Follow us on our tour through the arcane art of revising the U.S. gross domestic product
The fast-food business model just suffered a blow, and it could change everything from unionization to wages
Observers expect more GOP-controlled statehouses to find politically palatable ways to expand health insurance for the poor
Twitter's results weren't that much different from last quarter's. The big difference: expectations
A closer look at five of the 81 indicators that researchers use to rank nations in the Global Innovation Index
The chain is exploring opportunities in craft beer and making a greater emotional connection with diners
After Virginia Tech and Miami of Ohio shut down their regional full-time MBA programs, who’s next?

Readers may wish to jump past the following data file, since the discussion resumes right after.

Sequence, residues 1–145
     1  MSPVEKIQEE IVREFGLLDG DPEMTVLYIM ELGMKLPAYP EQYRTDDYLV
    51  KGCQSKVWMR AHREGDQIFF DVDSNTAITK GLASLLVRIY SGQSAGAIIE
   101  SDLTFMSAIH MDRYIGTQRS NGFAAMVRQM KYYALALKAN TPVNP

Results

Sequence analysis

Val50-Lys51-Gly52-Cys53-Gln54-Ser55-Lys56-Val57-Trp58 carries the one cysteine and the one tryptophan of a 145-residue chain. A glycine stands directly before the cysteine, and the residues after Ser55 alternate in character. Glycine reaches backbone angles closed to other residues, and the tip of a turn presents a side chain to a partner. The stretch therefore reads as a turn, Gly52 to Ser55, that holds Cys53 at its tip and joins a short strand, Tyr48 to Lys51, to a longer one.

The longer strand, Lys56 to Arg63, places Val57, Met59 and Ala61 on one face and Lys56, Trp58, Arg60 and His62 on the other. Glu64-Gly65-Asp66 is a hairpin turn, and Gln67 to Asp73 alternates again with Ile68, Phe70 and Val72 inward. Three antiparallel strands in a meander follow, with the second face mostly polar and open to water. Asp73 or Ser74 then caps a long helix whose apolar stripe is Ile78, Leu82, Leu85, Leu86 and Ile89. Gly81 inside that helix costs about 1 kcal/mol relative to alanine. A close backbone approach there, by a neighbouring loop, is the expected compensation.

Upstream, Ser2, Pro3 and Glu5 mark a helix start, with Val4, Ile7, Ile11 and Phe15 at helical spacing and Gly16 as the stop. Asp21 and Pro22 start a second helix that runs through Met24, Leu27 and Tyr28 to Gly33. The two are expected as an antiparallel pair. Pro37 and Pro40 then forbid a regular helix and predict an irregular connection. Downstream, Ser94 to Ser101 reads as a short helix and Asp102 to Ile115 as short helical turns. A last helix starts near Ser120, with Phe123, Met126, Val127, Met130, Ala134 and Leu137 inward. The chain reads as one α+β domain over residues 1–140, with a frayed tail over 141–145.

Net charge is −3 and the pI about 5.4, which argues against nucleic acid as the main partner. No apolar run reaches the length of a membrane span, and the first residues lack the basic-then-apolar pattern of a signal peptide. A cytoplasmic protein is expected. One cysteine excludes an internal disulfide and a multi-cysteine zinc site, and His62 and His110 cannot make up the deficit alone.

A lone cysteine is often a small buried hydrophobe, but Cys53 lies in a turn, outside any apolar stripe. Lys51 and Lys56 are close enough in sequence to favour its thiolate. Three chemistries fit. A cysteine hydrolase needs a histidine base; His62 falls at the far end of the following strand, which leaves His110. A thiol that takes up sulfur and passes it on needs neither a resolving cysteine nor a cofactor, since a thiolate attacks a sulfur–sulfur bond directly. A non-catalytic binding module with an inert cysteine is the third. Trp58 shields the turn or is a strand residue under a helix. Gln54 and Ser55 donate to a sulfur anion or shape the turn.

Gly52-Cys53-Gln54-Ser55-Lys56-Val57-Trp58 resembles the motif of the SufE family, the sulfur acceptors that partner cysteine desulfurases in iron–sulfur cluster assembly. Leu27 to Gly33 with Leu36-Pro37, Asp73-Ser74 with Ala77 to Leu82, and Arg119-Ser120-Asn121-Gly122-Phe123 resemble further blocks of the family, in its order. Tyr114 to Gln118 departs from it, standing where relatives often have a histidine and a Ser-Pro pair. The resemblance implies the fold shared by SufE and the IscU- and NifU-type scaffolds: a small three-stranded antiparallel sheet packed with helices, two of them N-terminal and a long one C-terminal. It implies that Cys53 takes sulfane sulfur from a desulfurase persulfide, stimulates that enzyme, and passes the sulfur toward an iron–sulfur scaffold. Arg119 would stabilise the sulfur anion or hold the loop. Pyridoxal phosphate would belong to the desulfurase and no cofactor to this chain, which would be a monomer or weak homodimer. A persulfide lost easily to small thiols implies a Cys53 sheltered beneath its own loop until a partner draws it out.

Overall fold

Cities including Seattle and San Diego are eyeing higher wage floors
By Karyn McCormack
Halfway through 2008, U.S. stocks are down about 14%, with every sector except for energy and materials down in the dumps. And in this bear market, many once beloved brand-name stocks are now trading below $10. One common characteristic among these downtrodden companies: earnings are not growing, or the company is actually losing money. Indeed, it's hard to believe that one share of Ford costs about the same as a gallon of gasoline.
Here is a bunch of big-brand stocks trading for $10 or less (sorted by largest market cap), and what you might consider buying instead of one share of each company.